For those looking to turn back the clock and dance the night away, a new venue has opened in the Old Town. Just off Dlouhá třída, Café 80’s features a glitzy restaurant and bar and a blinking basement dance floor. Decked out in my favorite acid-washed jeans and my Members-Only jacket, I went with a friend to bust a move.
Inside, the restaurant lives up to its name. Much like James Dean (which is right down the street), Café 80’s is a campy shrine to a past era. If you were born in the 70’s or 80’s, this is where you thought you’d be partying in your 30’s, except not with irony or nostalgia, and probably not in Prague.
Every part of the establishment has been carefully calculated to capture the color-saturated decadence of the decade. In the restaurant, the table tops (which are designed to look like vinyl records), are lined with sugar holders resembling Rubik’s Cubes – perhaps to match the Rubik’s-shaped barstools? Along the walls rows of album covers and posters celebrate Michael Jackson, Whitney Houston, Tina Turner and Prince, while giant disco balls shimmer from above.
This is a place where people come to be seen. The crowd was mainly 30-something professionals, along with the well-heeled. Expats were, not surprisingly, absent. Our waitress, in a taffeta shirt and turquoise 80’s-style suit-pants, was very accommodating and friendly.
Food and drink here are pricey, with many of the entrees running over 200. The menu covers Czech, Asian, and American cuisine, plus a signature “tartare trip from around the world” (150–200 CZK) and an all-day breakfast menu. The “Mini Sets”, mini-burgers served with different toppings were the perfect bar food. I tried the Lososovy Miniburger Set (285 CZK), a set of miniature salmon sliders. They were cooked well, and the tangy sauce was a perfect compliment to the salmon, though the French fries were a bit damp.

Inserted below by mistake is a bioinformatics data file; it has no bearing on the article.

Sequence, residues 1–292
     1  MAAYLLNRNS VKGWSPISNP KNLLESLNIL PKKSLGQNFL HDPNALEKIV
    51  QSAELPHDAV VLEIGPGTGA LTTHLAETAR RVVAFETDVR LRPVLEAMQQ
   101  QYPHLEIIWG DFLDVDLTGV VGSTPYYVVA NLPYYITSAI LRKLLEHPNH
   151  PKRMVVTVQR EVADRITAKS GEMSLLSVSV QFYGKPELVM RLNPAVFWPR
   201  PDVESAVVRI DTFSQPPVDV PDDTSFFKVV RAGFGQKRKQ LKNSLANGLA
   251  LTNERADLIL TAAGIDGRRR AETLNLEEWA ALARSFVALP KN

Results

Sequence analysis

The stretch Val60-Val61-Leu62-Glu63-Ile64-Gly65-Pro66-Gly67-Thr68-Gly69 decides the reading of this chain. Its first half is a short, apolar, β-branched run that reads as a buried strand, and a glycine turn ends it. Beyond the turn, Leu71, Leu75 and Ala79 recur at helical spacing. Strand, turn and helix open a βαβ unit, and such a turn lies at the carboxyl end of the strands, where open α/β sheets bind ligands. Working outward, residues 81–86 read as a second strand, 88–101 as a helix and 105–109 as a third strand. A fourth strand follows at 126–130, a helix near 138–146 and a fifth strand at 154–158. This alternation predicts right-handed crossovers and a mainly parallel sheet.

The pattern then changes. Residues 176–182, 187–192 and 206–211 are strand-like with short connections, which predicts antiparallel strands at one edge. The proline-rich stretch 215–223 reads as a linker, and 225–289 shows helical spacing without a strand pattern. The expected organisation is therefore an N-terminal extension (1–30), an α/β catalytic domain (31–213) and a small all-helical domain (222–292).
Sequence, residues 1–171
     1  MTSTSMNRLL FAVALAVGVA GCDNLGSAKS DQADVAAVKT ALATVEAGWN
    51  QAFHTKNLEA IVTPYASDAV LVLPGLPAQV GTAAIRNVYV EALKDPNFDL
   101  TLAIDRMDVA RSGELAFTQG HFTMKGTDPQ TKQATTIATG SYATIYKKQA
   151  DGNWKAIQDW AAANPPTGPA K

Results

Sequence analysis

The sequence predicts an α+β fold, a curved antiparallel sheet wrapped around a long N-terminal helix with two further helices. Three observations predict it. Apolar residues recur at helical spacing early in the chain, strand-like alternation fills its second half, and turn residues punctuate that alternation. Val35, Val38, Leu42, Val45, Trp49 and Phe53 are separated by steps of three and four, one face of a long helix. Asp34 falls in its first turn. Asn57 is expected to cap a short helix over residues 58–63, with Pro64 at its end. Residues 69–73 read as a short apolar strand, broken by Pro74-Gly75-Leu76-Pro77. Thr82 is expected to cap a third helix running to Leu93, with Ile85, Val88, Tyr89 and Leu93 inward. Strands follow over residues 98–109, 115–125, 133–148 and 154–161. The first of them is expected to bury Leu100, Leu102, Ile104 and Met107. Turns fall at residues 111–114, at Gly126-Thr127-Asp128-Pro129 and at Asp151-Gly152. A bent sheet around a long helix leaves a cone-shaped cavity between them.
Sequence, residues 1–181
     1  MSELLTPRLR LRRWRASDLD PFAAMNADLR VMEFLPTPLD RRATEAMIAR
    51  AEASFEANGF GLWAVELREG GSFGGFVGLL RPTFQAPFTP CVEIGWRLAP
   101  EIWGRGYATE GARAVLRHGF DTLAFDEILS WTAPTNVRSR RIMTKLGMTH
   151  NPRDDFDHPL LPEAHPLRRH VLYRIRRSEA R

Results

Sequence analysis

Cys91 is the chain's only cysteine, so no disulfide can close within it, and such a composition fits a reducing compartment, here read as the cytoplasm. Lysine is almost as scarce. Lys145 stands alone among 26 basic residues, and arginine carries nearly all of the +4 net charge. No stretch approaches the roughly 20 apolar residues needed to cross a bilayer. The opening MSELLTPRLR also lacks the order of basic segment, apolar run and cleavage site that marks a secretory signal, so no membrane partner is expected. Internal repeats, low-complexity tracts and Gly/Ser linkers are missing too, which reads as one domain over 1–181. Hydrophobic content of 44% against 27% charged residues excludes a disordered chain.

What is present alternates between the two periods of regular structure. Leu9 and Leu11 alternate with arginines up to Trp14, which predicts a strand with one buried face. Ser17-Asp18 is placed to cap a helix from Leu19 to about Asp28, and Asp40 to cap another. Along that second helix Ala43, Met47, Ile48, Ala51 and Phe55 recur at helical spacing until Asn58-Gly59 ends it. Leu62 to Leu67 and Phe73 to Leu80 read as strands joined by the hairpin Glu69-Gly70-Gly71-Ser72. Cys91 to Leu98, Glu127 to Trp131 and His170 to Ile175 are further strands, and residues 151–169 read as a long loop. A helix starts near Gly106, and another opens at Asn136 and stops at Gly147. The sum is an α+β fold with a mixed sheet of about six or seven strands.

But cocktails are the name of the game here, with all the classics priced between 120 and 200 CZK. I tried out the Absinthini (Vodka, Dry Vermouth, Absinth, and Lime Juice), along with a Smokey Manhattan. Both left much to be desired, tasting alcohol-fueled sans flavor. My guest struggled to order a Gin Martini, explaining the standard drink to several waitresses to no avail. When it finally came to our table, the G&T was watery and bland. And don’t bother with beer: only Heineken, Corona, and Desperados are on offer (for over 50 CZK a bottle!).
The dance floor area was my favorite part of the night. Past the coat-check (and a Pac-Man arcade machine – no lie), you walk into the club and back in time. The club matches the restaurant, equipped with a paneled floor that changes color every second, exotic dancers, and a DJ cranking out Paula Abdul, Falco, Sandra, and some old Czech pop (though, to be honest, though, this isn’t a big departure from the music played at most clubs in Prague, which is often a decade or two behind).
The cheesy music went right along with the cheesy, middle-aged dancing that was happening on the lit-up dance floor. And yes, there was a man with a striking mustache and tight pants (think the Czech Freddie Mercury), doing his own thing, oblivious to anyone watching, unleashing a repertoire of goofy dance moves that completely predate my birth. By the end of the night, I was exhausted and ready to go “back to the future”.
While the cost for cocktails is steep, the actual club is worth the price of drinks. If you want a memorable dining and drinking experience, this is not it. But if you want to dance your spandex off to melodic synth-lines all night, you can’t do wrong with Café 80’s.
Location: V Kolkovně 6, Praha 1,
The Crowd: Mainly local people, mid-30’s, not many expats
Price Range: Expensive
Entrance Fees: None
Music: Music from the 80’s – duh!
Service: Efficient, OK English
Restroom Check: Clean
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